Skip to Main Content

Our survey approach

2023 Germany Spencer Stuart Board Index

The 2023 Germany Spencer Stuart Board Index covers the DAX 40 companies. The purpose of the survey is to provide a substantial review of governance practices in these largest German companies, according to market value on our review date of 31 August 2023.

Fresh data is compared with that gathered for our 2020 survey, in order to identify significant trends and new developments among these top 40 companies. However, because a larger cohort — of 68 companies — was reviewed in the 2020 survey, some long-term trends cannot be compared exactly with earlier editions.

We continue to monitor key governance work, such as the size of the supervisory board and diversity.

In deciding to review only the DAX 40 companies, we have expanded our examination to reflect principal themes that engage the Dax 40 community, such as ESG, diversity, and the international focus of boards in general.

Information has been compiled from publicly available sources. Company data relates to the 2022 fiscal year (corresponding to the 2022 annual reporting season). Personal data, however, such as age or tenure, relates to the 31 August 2023 cut-off date, as do AGM elections to the supervisory boards.

Legal structure

The standard corporate form of an Aktiengesellschaft (AG, stock corporation) remains the most widely adopted structure among the DAX 40 companies, at 24 companies (60%). This figure is up from the 21 companies recorded in our 2020 Board Index.

Adoption of the Societas Europaea (SE) form for European companies has fallen to nine companies (22.5%), down from 13 companies. Other legal forms such as AG & Co, KGaA, SE & Co, KGaA, and plc are less common.

In general, publicly listed AG companies in Germany must maintain a dual-board system [two-tier board]. However, the SE form does permit businesses to operate under a unitary board; two companies (Airbus SE and Linde) pursue this form.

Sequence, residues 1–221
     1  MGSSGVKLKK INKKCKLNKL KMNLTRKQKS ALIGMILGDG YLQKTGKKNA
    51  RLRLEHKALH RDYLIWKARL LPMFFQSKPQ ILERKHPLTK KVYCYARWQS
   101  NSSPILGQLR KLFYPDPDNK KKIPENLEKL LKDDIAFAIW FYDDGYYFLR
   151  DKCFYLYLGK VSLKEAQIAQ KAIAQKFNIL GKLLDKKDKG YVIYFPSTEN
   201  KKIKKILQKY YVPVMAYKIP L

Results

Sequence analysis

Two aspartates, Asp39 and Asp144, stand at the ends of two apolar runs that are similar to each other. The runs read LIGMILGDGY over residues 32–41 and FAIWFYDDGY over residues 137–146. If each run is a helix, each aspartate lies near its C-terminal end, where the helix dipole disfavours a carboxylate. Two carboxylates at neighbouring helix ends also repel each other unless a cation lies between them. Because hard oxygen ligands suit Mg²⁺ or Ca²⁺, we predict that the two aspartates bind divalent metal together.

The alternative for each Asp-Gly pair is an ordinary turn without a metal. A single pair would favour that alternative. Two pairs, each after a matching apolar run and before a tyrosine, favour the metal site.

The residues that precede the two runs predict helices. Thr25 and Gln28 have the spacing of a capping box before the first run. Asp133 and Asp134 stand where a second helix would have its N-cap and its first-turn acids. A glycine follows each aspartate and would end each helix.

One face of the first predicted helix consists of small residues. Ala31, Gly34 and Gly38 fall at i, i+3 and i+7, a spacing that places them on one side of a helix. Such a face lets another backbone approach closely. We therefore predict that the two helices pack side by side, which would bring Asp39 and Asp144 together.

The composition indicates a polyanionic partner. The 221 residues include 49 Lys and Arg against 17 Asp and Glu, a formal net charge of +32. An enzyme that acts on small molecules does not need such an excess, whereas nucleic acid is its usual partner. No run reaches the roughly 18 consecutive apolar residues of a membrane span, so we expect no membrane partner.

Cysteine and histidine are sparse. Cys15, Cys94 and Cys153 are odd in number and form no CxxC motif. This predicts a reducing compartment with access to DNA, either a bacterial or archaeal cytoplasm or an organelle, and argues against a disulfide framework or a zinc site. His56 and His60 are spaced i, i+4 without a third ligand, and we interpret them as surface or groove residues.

Companies based abroad are not subject to Germany’s Co-Determination Act, which governs employee participation in the management of the companies they work for. Among the DAX 40 group under review, this exemption applies to Airbus and Qiagen.

Companies operating as European public limited companies (SEs) that were not subject to co-determination when they were founded are permitted to continue to do so, even in the event of subsequent changes such as the size of the company (as seen at Brenntag and Vonovia, for example). Financial holding companies such as Porsche Automobil Holding are an exception. DAX companies that are subgroups of parent companies that are not subject to parity co-determination are also exempt; thus among our survey group Fresenius Medical Care and Siemens Healthineers are not subject to co-determination.

The supervisory board in Germany reflects the widely operated two-tier system of corporate governance. This allows for the institutional separation of company management (through the management board) and control (through the supervisory board). The supervisory board (“Aufsichtsrat”) supervises the management, working through the executive committee (“Vorstand”), which is responsible for the day-to-day management of the company.

Both boards are usually strictly separate, to maintain the required independence between the supervisory board and the executive board. Only an independent non-executive director may be appointed as chair of the supervisory board.